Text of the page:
The Service Access Facility

The SAC administrative file

Information about all the port monitors for which the SAC daemon is responsible is stored in a file that you maintain through the sacadm(1M) command: /etc/saf/_sactab. You do not have to create this file; it exists on the delivered system.

NOTE: Do not edit this file directly. Display and update it with sacadm.

Initially, /etc/saf/_sactab is empty except for a single comment line that contains the version number of the SAC. You can use sacadm to add entries to this file which identify the port monitors on your system; that is, adding a port monitor is accomplished by adding an entry for it to this file.

The first line of /etc/saf/_sactab is typically a comment line indicating the version of the SAC.

Each line in the SAC administrative file contains five fields delimited by colons in the following format:


These fields have the following meanings:

A unique tag that identifies a particular port monitor. The system administrator is responsible for naming a port monitor. This tag is then used by the SAC daemon to identify the port monitor for all administrative purposes.

pmtag may consist of up to 14 alphanumeric characters.

The type of the port monitor. In addition to its unique tag, each port monitor has a type designator. The type designator identifies a group of port monitors that are different invocations of the same entity. inetd, ttymon and listen are examples of valid port monitor types. The type designator is used to facilitate the administration of groups of related port monitors. Without a type designator, you have no way of knowing which port monitor tags correspond to port monitors of the same type.

pmtype may consist of up to 14 alphanumeric characters.

The following flags are currently defined:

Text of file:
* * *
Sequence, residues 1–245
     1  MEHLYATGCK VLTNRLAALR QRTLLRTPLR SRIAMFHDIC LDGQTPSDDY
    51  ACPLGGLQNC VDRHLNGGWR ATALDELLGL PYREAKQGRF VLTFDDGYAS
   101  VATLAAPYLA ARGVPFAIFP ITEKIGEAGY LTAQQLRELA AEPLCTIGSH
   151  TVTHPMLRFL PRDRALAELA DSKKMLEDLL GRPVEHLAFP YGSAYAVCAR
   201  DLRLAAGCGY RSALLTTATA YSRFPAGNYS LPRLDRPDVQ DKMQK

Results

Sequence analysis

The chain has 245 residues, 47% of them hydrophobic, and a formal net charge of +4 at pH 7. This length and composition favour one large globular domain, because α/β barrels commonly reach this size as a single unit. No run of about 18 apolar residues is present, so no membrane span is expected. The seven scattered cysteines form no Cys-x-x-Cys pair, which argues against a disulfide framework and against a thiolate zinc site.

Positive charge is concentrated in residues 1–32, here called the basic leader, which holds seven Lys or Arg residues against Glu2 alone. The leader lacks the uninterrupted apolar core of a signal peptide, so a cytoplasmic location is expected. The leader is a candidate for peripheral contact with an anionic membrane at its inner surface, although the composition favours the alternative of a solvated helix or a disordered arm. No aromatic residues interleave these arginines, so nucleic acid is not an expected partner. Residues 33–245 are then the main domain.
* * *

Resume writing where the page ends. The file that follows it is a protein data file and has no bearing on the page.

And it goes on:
When started, do not enable the port monitor.

Do not start the port monitor.

If no flag is specified, the default action is taken. By default a port monitor is started and enabled.

The number of times a port monitor may fail before being placed in a failed state. Once a port monitor enters the failed state, the SAC daemon will not try to restart it. If a count is not specified when the entry is created, this field is set to 0. A restart count of 0 indicates that the port monitor is not to be restarted if it fails.

A string representing the command that will start the port monitor. The first component of the string, the command itself, must be a full pathname.
An optional comment, beginning with a hash sign (#), may be present at the end of each line in the file.

The sacadm -l command displays a complete list of entries in /etc/saf/_sactab, shown in the following output:

   ttymon1   ttymon   d      0      DISABLED    /usr/lib/saf/ttymon # ttymon1
   ttymon3   ttymon   -      0      ENABLED     /usr/lib/saf/ttymon # ports board
   cots      listen   -      3      FAILED      /usr/lib/saf/listen cots #
   tcp       listen   -      0      ENABLED     /usr/lib/saf/listen tcp #

© 2004 The SCO Group, Inc. All rights reserved.
UnixWare 7 Release 7.1.4 - 22 April 2004